SQL Server Performance

Index Tuning Wizard and First Statement in a Batch Limitation

Discussion in 'Performance Tuning for DBAs' started by ZLA, Jun 19, 2008.

  1. ZLA New Member

    According to SQL Server Query Performance Tuning Distilled by Sajal Dam, the Index Tuning Wizard only looks at the first SQL statement in a batch statement from a trace file. My web site generally groups multiple statements together to reduce the cost of connections. Often the first several statements are simple ones with the more resource intensive ones coming later. I don't use the GO keyword to separate my statements.
    Is there any way to get the ITW to look at all my statements? Do I need to edit the source text data manually and add GOs to all my batches?
    Thanks in advance.
  2. Luis Martin Moderator

    Could you post a little part of you batch?
  3. ZLA New Member

    Here are three examples. I've changed the object names in some cases for confidentiality reasons. Any syntax errors are from the editing and not in the actual source. If the book's comment is correct, then the last two batches will ignore all the important content after the two DECLARE statements. The first batch will probably tune the components of vReceiveList but ignore any tuning for MMTable with respect to it's subquery.
    I haven't actually tested the book's assertion and was just trying to see if anyone knew about the limitation or if I need to add GO statements after the semicolons in order to get all the statements considered by the Wizard.
    SELECT * FROM vReceiveList WHERE 1=1;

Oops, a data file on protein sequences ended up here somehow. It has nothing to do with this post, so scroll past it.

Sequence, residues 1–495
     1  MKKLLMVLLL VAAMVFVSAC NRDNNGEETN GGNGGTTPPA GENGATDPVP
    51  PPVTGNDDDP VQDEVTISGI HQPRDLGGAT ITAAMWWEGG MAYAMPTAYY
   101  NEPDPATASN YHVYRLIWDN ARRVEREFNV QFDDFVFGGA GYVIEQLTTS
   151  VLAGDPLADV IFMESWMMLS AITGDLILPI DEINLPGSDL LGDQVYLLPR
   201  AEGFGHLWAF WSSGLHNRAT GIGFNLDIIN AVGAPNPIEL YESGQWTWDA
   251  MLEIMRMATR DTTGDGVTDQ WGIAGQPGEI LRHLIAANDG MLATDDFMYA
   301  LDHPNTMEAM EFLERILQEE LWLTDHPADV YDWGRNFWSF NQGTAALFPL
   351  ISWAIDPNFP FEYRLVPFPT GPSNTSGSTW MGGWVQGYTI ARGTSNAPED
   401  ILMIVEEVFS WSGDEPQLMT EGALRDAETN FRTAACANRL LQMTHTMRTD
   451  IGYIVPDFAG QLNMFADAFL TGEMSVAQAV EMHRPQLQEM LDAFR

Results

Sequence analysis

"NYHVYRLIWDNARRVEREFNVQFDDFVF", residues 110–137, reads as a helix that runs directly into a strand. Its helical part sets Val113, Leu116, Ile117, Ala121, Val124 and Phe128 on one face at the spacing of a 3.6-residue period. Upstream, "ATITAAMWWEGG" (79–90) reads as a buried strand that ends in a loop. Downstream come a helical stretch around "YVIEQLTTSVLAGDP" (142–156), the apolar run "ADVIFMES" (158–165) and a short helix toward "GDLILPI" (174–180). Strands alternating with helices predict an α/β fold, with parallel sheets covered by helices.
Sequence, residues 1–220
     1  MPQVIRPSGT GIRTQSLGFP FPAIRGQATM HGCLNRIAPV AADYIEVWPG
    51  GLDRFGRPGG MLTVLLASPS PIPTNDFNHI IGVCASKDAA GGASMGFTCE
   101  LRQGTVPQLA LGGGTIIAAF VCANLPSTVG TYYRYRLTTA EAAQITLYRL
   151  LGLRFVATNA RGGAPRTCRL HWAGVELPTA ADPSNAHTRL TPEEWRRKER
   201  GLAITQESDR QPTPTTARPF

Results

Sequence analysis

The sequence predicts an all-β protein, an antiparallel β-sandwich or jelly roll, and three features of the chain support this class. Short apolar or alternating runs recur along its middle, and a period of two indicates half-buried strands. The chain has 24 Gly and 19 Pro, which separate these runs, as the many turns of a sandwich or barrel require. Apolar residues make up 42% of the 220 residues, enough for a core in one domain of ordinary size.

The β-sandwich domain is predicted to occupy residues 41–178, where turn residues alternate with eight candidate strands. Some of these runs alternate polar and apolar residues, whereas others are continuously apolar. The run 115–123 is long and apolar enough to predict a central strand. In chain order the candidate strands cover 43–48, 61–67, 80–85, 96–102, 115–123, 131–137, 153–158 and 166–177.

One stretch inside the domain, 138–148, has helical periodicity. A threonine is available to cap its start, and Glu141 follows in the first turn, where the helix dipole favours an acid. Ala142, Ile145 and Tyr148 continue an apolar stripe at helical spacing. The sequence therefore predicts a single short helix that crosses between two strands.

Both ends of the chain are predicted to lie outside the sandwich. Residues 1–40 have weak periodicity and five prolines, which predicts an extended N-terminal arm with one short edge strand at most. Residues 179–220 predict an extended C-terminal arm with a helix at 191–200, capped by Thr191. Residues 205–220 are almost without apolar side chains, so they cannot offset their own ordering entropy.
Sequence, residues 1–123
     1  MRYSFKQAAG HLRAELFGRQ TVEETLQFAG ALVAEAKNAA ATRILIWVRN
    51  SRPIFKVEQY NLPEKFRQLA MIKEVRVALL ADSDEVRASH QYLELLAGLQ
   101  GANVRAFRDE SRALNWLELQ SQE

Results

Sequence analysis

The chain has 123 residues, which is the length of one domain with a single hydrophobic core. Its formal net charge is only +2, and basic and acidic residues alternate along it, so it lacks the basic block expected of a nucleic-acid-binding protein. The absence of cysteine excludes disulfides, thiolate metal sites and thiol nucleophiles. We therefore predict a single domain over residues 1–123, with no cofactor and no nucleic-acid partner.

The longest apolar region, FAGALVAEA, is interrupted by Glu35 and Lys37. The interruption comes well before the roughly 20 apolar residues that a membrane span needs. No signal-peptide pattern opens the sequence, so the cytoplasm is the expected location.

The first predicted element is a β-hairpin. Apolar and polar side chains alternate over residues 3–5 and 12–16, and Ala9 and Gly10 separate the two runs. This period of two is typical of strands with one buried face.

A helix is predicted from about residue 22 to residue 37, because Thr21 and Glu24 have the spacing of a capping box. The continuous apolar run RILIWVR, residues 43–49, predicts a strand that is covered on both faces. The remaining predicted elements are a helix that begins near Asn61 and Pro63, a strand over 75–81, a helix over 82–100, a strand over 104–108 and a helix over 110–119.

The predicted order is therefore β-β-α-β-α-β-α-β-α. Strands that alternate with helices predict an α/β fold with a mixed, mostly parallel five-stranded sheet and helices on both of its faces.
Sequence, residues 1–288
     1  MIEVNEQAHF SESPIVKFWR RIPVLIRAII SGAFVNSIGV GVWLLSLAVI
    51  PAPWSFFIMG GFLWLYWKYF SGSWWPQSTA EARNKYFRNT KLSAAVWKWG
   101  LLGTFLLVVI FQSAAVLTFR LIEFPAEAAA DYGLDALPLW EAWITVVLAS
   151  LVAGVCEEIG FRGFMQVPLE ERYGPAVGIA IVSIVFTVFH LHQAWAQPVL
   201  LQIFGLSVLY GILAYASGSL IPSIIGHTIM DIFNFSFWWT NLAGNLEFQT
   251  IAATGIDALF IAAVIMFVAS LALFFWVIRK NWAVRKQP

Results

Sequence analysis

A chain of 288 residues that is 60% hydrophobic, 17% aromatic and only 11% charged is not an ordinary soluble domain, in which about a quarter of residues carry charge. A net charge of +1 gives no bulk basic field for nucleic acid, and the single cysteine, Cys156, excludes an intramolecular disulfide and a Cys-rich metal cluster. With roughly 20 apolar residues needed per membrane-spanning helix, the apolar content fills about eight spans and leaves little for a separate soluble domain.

SELECT * FROM vReceiveDetailList WHERE 1=1;
    SELECT ClientID, MaterialID FROM MMTable WHERE ListInd = 1 AND ClientID IN (SELECT DISTINCT ClientID FROM vReceiveList WHERE AssignInd = 1) ORDER BY ClientID, MaterialID
    DECLARE @ID int;
    SELECT @ID = ClientID FROM vEditData WHERE BatchID = 1760;
    EXEC spGetMaterials @ClientID, 1, 1;
    SELECT * FROM vEditData WHERE ItemID = 1730;
    SELECT * FROM vDetailEditData WHERE ItemID = 1730;
    EXEC spGetTM;
    EXEC spGetMaterials @SiteID, 1;
    EXEC spGetRType;
    SELECT MeasureTypeID, MeasureType FROM MTRTable ORDER BY MeasureTypeDescription;
    DECLARE @IDArray varchar(7000);
    EXEC spAddData 1387, '5.4', 0, 133, @IDArray OUTPUT;
    EXEC spScheduleData @IDArray, '', '1/18/2007', NULL, 133;
    EXEC spAddData 1387, '5.4', 0, 133, @IDArray OUTPUT;
    EXEC spScheduleData @IDArray, '', '2/17/2007', NULL, 133;
  4. Adriaan New Member

    Why don't you create this as a sproc, and run the ITW against that?
  5. Luis Martin Moderator

    I really don't now if you need a GO statement to go on with ITW in a trace.
    I don't work (in performance issue) in that way.
    If I were you, this is what a try:
    Open Query Analyzer and test, check execution plan, run ITW with:
    SELECT * FROM vReceiveList WHERE 1=1;
    SELECT * FROM vReceiveDetailList WHERE 1=1;
    SELECTClientID, MaterialID FROM MMTable WHERE ListInd = 1 AND ClientID IN(SELECT DISTINCT ClientID FROM vReceiveList WHERE AssignInd = 1) ORDERBY ClientID, MaterialID
    And repeat this method with:
    DECLARE @ID int;
    SELECT @ID = ClientID FROM vEditData WHERE BatchID = 1760;
    EXEC spGetMaterials @ClientID, 1, 1;
    SELECT * FROM vEditData WHERE ItemID = 1730;
    SELECT * FROM vDetailEditData WHERE ItemID = 1730;
    EXEC spGetTM;
    EXEC spGetMaterials @SiteID, 1;
    EXEC spGetRType;
    SELECT MeasureTypeID, MeasureType FROM MTRTable ORDER BY MeasureTypeDescription;
    And so on.
  6. ZLA New Member

    I guess I've been thinking I had to anaIyze an entire batch of statements in order for ITW to consider indexes that balance all of the query requirements, not just a particular query. After all, what works best for one query might not be best for another.
    But from your response and other reading I've done, I get the impression that many people use ITW to suggest indexes for individual queries and then pick the "best" recommendations so as not to implement too many indexes.
    Thank you for the feedback. I'll try what you suggest.

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